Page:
Grohl’s contribution, brought to Liam himself by the album’s other producer Greg Kurstin, was chosen over any of his friend Hawkins’ offerings because “it’s an out-and-out rock’n’roll tune”. The drummer’s ideas, meanwhile, are “a fucking bit kinky, man,” he laughs, pulling a bemused face and holding up a hand as if to keep an invisible Taylor Hawkins at bay. “I’m like, ‘You don’t need me, man – you carry on doing that stuff’.”
‘Moscow Rules’ features another big name: Vampire Weekend’s Ezra Koenig leant a hand in its writing and recording. He became involved through Wyatt; Liam admits that he doesn’t know much about the New York band, except for their hit ‘A-Punk’, which he sings a short snippet of. Koenig joined studio sessions at north London’s AIR and RAK studios and recorded saxophone lines for the track.
“I’m not really keen on sax, but I think this record needed it,” Liam says. “I always find it a bit creepy, but then you end up with that thing where you’re trying to get the guitar to sound like a sax. Fuck it, just get a sax to sound like a sax and be done with it.”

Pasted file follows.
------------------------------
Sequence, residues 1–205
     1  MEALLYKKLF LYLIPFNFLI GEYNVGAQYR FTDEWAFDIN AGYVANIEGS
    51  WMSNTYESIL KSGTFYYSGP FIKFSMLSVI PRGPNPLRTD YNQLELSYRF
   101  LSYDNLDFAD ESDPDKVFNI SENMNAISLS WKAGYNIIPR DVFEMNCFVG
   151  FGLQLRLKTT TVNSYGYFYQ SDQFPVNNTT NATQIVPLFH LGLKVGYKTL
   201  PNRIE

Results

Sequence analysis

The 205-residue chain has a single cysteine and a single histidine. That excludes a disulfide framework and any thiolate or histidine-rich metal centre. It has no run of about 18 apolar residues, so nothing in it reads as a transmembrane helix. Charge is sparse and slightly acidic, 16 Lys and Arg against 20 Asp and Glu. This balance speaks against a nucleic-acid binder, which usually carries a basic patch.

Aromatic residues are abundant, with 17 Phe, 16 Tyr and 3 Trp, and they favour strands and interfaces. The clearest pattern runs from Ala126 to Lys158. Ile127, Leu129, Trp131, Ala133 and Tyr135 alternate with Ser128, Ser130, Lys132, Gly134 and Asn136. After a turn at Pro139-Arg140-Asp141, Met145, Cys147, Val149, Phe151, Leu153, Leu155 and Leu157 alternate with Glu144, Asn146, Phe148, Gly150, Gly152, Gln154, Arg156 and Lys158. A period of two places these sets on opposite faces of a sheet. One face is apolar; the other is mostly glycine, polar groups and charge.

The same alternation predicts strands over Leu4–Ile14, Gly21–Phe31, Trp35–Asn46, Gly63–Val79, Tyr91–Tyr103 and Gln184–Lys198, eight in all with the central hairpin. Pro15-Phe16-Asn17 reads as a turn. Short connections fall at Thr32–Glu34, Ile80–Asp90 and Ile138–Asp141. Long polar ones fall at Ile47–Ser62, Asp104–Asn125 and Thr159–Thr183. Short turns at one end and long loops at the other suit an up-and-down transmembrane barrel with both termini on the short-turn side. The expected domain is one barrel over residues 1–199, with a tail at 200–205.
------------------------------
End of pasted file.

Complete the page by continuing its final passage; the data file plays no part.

Like the rest of Liam’s solo work, ‘C’mon You Know’ features contributions from several songwriters. The youngest Gallagher brother has never been shy about his collaborative approach. Here, he seems to differ from his former Britpop rival Damon Albarn, who recently implied – in relation to Taylor Swift – that co-writing isn’t “real” songwriting. “Says who? All them fucking gorilla albums are co-writes aren’t they?” Liam observes. “I get it – Noel bangs on about it as well: ‘I’m more important than you because I write my fucking songs’.
“I think Taylor Swift’s fucking cool, man. She does write her songs”